Recent technical advancements in human embryonic stem cell (ESC) and induced pluripotent stem cell (iPSC) production have revolutionized their potential applications in regenerative medicine. However, a remaining big hurdle in this process is the need for efficient, effective, and stable generation of specific cell types from such stem cells for therapeutic usage. The ultimate goal of the proposed study is to identify approaches to increase the production of therapeutically useful blood cells from human ESCs and patient-specific iPSCs. Currently, bone marrow transplantation is the best way to cure many blood-related disorders, such as sickle cell anemia, thalassemia, and blood cancers like leukemia. Furthermore, blood transfusion is an effective way to rapidly counteract blood cell loss due to ablative treatments, such as chemotherapy and radiation therapy. Unfortunately, the limiting factor in transplantation and transfusion treatments is the lack of matched donors. The ability to producing unlimited numbers of blood stem cells and/or functioning differentiated blood cells from human ESCs and patient-derived iPSCs will greatly improve the opportunity of such treatments.
In this application, we propose experiments to examine how specific factors that control gene expression can promote blood cell formation, expansion, and differentiation from human ESCs and iPSCs. We plan to use experimental tools to control the time and amount of expression of these factors in human ESCs and iPSCs during their growth in the tissue culture. Furthermore, we will study the generation of blood cells based on specific markers present on the blood cell surface. Current technology used to produce iPSCs utilizes retroviruses to introduce genetic material. To avoid the creation of unfavorable mutations due to random insertion of DNA fragments into the genomes of these cells, we will also explore the possibility of delivering cell membrane penetrating versions of these factors in cell culture medium.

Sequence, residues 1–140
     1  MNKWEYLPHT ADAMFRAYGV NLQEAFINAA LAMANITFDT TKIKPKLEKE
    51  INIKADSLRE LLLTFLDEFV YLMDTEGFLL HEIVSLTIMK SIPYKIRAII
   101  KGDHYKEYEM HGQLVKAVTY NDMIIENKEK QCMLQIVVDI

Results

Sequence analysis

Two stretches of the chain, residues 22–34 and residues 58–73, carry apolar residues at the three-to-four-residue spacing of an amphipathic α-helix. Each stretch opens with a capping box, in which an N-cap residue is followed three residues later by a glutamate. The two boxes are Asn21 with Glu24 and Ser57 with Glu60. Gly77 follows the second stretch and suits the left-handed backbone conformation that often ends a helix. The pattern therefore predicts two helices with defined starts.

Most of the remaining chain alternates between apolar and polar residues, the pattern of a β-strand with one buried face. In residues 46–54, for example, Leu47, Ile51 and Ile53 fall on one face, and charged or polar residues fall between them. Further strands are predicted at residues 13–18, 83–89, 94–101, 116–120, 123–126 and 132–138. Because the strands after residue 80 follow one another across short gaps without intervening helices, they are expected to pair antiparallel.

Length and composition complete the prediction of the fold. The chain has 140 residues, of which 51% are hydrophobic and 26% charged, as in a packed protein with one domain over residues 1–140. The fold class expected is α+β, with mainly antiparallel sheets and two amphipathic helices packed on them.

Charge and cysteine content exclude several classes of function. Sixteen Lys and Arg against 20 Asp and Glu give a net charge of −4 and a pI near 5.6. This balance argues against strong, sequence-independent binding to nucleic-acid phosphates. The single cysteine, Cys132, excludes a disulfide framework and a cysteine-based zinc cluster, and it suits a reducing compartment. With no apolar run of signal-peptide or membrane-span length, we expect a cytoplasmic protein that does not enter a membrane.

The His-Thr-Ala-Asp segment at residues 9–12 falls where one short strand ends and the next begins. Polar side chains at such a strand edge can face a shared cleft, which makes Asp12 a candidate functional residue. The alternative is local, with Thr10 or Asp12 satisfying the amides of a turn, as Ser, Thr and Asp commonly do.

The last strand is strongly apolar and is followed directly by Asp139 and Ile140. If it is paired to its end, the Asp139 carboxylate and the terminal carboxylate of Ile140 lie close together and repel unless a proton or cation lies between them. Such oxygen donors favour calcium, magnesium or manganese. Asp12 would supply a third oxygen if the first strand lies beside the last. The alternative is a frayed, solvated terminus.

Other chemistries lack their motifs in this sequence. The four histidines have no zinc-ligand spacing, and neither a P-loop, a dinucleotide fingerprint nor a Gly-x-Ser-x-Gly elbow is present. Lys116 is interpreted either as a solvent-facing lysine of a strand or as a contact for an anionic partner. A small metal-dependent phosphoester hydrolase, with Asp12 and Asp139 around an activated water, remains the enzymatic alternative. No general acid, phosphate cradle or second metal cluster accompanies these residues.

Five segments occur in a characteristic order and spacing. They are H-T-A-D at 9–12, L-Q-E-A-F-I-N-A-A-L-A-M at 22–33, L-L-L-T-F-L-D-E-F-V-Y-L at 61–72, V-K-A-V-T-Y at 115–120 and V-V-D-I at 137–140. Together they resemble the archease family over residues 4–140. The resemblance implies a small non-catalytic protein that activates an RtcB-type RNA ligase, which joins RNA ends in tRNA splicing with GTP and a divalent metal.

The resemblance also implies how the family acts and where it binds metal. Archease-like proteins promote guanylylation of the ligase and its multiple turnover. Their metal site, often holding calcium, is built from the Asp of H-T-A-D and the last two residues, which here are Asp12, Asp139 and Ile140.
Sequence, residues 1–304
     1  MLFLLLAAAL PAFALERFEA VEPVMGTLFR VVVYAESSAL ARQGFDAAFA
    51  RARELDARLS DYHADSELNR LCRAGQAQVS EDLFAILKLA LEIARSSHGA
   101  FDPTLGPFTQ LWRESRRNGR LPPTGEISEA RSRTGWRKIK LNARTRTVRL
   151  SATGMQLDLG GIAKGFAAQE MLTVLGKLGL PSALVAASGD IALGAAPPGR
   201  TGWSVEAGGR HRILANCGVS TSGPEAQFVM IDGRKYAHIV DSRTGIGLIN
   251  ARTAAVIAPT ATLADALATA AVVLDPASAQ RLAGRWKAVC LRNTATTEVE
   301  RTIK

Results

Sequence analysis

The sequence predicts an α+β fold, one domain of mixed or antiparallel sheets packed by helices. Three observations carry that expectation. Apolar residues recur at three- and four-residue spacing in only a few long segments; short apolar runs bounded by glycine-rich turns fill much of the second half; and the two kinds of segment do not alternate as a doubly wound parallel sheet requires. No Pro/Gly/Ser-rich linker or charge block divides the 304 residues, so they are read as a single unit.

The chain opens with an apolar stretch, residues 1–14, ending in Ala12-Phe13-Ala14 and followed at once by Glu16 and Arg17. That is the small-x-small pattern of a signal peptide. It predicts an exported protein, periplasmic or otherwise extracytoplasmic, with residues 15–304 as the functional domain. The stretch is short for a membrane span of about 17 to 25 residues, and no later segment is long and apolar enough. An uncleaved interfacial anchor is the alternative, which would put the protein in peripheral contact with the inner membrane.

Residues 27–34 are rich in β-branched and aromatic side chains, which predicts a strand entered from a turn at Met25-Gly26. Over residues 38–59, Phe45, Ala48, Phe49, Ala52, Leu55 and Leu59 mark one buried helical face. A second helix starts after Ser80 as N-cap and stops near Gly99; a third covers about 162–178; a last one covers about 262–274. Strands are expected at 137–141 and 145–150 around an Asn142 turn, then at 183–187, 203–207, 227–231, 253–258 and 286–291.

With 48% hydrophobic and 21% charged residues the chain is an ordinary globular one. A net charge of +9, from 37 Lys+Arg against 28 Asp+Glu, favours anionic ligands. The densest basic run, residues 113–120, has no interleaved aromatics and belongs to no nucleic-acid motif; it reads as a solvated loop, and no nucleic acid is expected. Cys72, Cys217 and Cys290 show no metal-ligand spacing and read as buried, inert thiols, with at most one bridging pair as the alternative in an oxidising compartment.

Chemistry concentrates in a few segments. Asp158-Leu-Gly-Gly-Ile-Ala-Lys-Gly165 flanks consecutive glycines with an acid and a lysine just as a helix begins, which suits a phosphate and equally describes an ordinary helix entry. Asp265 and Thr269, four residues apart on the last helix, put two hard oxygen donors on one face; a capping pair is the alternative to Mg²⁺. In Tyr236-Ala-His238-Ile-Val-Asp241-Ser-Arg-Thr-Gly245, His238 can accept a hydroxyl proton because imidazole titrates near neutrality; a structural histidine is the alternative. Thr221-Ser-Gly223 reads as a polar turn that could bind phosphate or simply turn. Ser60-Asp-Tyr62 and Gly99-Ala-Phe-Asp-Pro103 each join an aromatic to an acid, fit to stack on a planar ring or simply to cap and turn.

The proposed studies will provide valuable insight into the control of stem cell differentiation and the therapeutic usage of factors that regulate gene expression, which are highly relevant to the main goals of CIRM.
Thousands of Californians are suffering from blood-related diseases that may potentially be cured with bone marrow transplantation and/or blood transfusion. However, these life-saving measures are limited by a lack of eligible donors and the necessity of finding correctly matched blood products. Current treatments for some of these conditions can cost patients tens of thousands of dollars per year. Despite these treatments, many patients die from their disease waiting for a bone marrow transplant. Recent technical advancements in human embryonic stem cell (ESC) and induced pluripotent stem cell (iPSC) production have revolutionized their potential applications in regenerative medicine and have provided enormous hope for these patients. Based on our accumulated knowledge in blood cell-related research, we propose to identify useful tools and methods to enhance the specificity and efficiency in the production of blood cells from human ESCs and iPSCs. Producing therapeutically useful differentiated cells from pluripotent stem cells is a critical step in raising ESCs and iPSCs into the realm of clinical application. Therefore, one long term benefit of the proposed work is to improve the treatment of thousands of Californian patients who need to receive healthy, functioning blood cells to alleviate their disease conditions. In turn, this will benefit California’s financial status in reducing the cost of treating these patients with expensive yet ineffective methods.